It’s nearly that time of year again. The summer is looming on the horizon and parents may be debating whether to get a gift for the person who has steered their little poppet through another school year.
What gift is enough?
How much should you spend?
Should you even bother when they are simply doing the job they’re paid to do?
Over the years I’ve had lots of gifts. They have all been gratefully received. Even the mugs emblazoned with ‘World’s Best Teacher’ (that get consigned to the back of the cupboard and only come out when every other mug is dirty! Sorry!).
There is even debate on daytime TV about this subject.
Can I let you into a secret?
We don’t need a gift at the end of term. We love them, don’t get me wrong. But I’ll tell you what we could use more of…
Never underestimate the power of a few words of thanks during the year.
Have you noticed that little poppet couldn’t spell a particular word, read clearly, speak clearly, was unhappy about something at some point during the year? And who is it that helps with the spelling, the reading, the improved speech? Who spots when something is niggling a small person? Who gives them a cuddle when they fall over? Who wipes away their tears and helps them to negotiate concepts as vast as social interaction and managing friendships?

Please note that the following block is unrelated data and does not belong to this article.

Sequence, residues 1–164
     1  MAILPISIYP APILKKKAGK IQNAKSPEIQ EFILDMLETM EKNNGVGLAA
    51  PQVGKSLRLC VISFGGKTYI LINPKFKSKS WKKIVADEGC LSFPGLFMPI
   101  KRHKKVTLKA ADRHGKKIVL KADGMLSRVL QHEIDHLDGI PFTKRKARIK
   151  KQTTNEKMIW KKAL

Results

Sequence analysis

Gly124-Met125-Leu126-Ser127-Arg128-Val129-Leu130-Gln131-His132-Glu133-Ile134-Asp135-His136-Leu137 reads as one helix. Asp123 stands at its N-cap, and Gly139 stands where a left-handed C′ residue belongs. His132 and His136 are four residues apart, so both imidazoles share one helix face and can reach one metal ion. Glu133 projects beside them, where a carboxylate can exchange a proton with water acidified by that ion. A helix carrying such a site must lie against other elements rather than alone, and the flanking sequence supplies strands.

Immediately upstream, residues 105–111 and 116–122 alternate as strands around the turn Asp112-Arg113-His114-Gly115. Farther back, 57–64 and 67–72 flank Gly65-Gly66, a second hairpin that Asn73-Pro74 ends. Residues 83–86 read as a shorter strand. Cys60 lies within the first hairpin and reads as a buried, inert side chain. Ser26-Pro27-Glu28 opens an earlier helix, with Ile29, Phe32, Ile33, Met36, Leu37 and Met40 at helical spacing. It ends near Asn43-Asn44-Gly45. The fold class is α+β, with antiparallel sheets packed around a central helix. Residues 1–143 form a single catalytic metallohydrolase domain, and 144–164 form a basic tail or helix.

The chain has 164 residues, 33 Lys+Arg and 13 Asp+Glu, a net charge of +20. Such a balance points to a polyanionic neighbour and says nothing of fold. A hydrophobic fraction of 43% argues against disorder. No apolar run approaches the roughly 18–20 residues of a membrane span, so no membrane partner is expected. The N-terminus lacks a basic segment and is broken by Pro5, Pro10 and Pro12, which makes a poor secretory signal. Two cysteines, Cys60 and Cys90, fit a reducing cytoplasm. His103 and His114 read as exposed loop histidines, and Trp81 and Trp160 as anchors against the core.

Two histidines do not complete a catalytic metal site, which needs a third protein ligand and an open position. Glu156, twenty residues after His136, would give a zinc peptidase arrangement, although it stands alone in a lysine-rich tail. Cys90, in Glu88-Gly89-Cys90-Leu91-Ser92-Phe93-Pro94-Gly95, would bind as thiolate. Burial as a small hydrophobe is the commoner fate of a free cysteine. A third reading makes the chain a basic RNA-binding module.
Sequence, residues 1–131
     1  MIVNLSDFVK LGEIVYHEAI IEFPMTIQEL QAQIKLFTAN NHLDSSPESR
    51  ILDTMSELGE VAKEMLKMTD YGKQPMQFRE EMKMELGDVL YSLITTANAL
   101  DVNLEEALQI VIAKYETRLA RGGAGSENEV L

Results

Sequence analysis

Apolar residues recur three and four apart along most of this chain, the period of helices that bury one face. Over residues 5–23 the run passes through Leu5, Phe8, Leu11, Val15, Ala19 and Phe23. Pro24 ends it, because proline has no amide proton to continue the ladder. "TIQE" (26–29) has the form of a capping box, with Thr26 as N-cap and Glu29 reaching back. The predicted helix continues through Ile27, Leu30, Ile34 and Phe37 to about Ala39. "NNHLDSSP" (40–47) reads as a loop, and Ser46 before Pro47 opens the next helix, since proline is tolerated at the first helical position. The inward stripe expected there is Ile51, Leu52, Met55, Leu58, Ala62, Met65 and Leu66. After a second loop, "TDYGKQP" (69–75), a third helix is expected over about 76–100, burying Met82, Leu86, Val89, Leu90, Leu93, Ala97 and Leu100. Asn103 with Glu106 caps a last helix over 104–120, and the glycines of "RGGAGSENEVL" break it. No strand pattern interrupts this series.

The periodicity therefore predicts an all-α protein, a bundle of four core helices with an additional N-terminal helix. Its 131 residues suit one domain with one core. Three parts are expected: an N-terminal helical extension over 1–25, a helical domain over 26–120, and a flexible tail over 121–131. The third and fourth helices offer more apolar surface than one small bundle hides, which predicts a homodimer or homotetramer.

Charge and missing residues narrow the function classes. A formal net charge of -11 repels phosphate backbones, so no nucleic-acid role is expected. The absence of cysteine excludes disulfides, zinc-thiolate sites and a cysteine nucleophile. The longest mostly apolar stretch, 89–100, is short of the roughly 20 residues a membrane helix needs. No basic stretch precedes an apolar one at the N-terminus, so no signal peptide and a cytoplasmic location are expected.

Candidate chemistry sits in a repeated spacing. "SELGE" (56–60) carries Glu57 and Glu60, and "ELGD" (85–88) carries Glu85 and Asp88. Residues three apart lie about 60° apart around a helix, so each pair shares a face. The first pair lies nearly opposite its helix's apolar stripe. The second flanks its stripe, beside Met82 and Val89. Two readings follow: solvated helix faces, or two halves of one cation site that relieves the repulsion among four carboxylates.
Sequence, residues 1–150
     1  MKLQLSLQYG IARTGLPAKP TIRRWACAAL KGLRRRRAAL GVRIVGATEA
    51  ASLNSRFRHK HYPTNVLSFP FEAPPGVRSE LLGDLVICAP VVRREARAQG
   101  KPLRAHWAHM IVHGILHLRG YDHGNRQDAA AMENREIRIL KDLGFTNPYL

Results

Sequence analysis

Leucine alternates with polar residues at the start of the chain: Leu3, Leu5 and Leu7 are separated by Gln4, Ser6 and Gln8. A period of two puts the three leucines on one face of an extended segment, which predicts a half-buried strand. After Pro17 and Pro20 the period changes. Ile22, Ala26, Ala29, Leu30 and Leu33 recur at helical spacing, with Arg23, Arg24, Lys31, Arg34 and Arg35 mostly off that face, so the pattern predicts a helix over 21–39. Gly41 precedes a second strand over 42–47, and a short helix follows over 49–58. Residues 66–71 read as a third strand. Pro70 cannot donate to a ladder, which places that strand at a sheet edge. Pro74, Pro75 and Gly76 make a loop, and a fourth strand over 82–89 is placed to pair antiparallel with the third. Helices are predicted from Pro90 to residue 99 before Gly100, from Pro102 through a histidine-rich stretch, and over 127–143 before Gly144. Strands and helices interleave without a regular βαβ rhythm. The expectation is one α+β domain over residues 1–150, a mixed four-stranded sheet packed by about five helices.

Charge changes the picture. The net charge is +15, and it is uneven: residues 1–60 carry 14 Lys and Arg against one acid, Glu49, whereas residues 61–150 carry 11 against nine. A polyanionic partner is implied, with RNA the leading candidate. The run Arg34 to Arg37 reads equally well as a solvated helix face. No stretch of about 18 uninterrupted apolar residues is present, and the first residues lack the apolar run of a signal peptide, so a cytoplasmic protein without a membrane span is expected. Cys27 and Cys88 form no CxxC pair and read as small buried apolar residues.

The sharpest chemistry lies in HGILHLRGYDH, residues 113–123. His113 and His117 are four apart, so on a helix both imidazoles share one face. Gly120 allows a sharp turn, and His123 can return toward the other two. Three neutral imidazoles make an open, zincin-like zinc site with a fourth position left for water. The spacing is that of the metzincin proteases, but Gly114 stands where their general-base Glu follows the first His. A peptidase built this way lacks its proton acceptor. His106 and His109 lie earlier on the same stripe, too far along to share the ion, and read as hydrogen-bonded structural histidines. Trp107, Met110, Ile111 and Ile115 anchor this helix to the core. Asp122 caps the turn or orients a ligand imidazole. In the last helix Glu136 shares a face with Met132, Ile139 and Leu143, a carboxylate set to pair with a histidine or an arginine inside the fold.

Do me a favour would you? Instead of a lovely gift at the end of the year, why not say ‘thank-you’ when you notice these seemingly little things, at the time they happen?
Life is busy, it’s easy to forget these little things. But they build into one really big thing… your child feeling valued, listened to, appreciated, cared for and happy that school is a good place to be.
Never underestimate how much thought, care and energy goes into ensuring this happens for each little person who walks into the classroom every day.
Of course, if you’re stuck for gift ideas, a bottle of wine is a safe bet…!
But a small word of thanks every now and then can make the difference between a teacher who feels that they are making a difference, and that it really is worth carrying on when it sometimes seems like a thankless task, and one who is on the verge of leaving the profession for good… If your child’s teacher is a good one, let them know. They can’t always see it for themselves…
P.S. the image is a portrait of me, painted by one of my children, over 10 years ago. It still hangs on the wall of the study…